• Every year, the Unicode Consortium hears out proposals for new emoji. After a comprehensive screening, the best proposals will then be approved, turned into emoji, and released to the public.
  • The consortium considers many factors: divides these into two: factors for inclusion
    • Compatibility: Is the emoji already widely in use on other social platforms? If it is, its chances of being in Unicode increase.
    • Expected Usage Level: How much will your proposed emoji actually be used?
    • Distinctiveness: The potential emoji should have a distinct visual that is recognizable in emoji format.
  • Once you find a great idea that covers the selection factors, it is time to make a proposal. Depending on when you submit your emoji, it can be a very long process.
  • Link: https://unicode.org/emoji/proposals.html#emoji_proposals_form.
  • Email from Lilly in Fairfax: Dear Doc and Jim. Several old friends from my school days had trouble finding me on Facebook because they were searching for my maiden name. How do I add my maiden name to my Facebook profile but have it separate from my married name? In other words display my married name like it is now with my maiden name underneath it? I know this can be done because I see it like that on other people’s profiles, but I can’t figure out how to get it onto mine. Lilly in Fairfax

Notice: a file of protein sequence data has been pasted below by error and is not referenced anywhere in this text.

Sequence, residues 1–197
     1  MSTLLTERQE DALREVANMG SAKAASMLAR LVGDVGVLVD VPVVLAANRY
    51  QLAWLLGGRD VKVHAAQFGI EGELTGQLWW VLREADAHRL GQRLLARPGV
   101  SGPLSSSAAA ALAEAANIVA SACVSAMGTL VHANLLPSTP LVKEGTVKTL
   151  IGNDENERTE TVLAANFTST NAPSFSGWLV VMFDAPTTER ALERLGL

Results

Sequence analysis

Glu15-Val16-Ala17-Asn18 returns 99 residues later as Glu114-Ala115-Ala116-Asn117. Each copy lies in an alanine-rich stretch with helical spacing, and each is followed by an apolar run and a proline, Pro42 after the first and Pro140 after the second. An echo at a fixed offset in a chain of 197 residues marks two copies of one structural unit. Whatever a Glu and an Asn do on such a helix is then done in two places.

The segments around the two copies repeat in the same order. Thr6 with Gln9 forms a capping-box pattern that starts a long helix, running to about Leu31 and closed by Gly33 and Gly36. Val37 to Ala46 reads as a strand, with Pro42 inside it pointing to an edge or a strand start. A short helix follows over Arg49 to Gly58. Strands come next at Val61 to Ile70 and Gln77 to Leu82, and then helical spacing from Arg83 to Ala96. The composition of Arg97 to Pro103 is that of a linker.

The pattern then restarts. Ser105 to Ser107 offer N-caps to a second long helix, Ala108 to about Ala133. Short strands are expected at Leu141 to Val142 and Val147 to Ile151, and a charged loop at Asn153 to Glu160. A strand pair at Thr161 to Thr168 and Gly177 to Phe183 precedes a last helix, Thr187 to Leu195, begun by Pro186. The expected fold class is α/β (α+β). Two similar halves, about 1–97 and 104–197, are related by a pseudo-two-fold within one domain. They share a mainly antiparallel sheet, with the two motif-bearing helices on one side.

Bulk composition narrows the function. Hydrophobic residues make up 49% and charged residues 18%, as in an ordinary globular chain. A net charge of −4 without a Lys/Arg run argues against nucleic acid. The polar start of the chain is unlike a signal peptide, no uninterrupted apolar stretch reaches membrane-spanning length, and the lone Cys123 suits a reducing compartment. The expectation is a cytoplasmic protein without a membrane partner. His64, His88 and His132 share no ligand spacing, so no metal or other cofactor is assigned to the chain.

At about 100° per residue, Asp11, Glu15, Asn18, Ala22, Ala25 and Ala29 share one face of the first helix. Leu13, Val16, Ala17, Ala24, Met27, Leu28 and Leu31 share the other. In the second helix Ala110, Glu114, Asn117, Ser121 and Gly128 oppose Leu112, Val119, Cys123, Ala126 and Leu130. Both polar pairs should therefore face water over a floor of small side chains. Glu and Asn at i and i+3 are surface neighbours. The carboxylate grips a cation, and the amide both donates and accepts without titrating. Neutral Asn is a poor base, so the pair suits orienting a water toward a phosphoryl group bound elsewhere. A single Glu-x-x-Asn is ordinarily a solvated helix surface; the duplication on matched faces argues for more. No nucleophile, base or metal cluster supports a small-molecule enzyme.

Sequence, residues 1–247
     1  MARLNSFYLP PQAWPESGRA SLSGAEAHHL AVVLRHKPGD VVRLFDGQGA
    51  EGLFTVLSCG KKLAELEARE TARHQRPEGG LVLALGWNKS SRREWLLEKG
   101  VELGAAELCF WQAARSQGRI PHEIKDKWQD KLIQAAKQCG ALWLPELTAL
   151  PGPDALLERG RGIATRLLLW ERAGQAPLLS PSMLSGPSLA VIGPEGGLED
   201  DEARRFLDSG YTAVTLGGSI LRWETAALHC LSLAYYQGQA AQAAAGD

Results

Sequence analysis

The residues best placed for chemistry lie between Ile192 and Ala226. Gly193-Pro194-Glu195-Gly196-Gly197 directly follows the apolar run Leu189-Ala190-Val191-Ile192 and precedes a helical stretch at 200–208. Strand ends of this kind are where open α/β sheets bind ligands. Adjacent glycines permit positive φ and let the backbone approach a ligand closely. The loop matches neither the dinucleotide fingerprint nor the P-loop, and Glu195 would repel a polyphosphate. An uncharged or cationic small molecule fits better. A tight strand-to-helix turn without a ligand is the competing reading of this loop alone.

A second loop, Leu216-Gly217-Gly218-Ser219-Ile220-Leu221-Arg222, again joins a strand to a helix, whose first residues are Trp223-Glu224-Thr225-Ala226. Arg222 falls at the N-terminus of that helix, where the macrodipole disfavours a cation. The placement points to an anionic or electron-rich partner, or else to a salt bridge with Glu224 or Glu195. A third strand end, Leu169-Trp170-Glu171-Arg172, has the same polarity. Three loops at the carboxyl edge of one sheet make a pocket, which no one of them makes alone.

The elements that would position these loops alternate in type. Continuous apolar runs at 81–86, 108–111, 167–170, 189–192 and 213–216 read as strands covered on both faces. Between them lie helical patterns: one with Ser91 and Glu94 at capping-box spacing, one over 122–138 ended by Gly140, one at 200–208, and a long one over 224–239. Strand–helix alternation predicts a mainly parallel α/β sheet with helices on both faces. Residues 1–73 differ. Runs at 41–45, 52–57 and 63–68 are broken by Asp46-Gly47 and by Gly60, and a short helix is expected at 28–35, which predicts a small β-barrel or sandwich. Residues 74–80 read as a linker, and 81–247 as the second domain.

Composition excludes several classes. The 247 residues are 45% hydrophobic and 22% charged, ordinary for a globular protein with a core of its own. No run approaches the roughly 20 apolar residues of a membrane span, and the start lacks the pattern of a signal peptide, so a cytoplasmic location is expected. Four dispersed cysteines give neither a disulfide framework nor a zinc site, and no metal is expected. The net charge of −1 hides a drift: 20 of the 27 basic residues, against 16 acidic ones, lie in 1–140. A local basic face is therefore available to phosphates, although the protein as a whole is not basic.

• Tech Talk Responds: It is actually very easy to accomplish. Just follow the steps below for the device/app you use to access Facebook. If you use Facebook in a web browser on a laptop or desktop computer:
    • Log into your Facebook account.
    • Visit your Timeline page.
    • Click the About link that’s located on the menu bar just below your cover photo.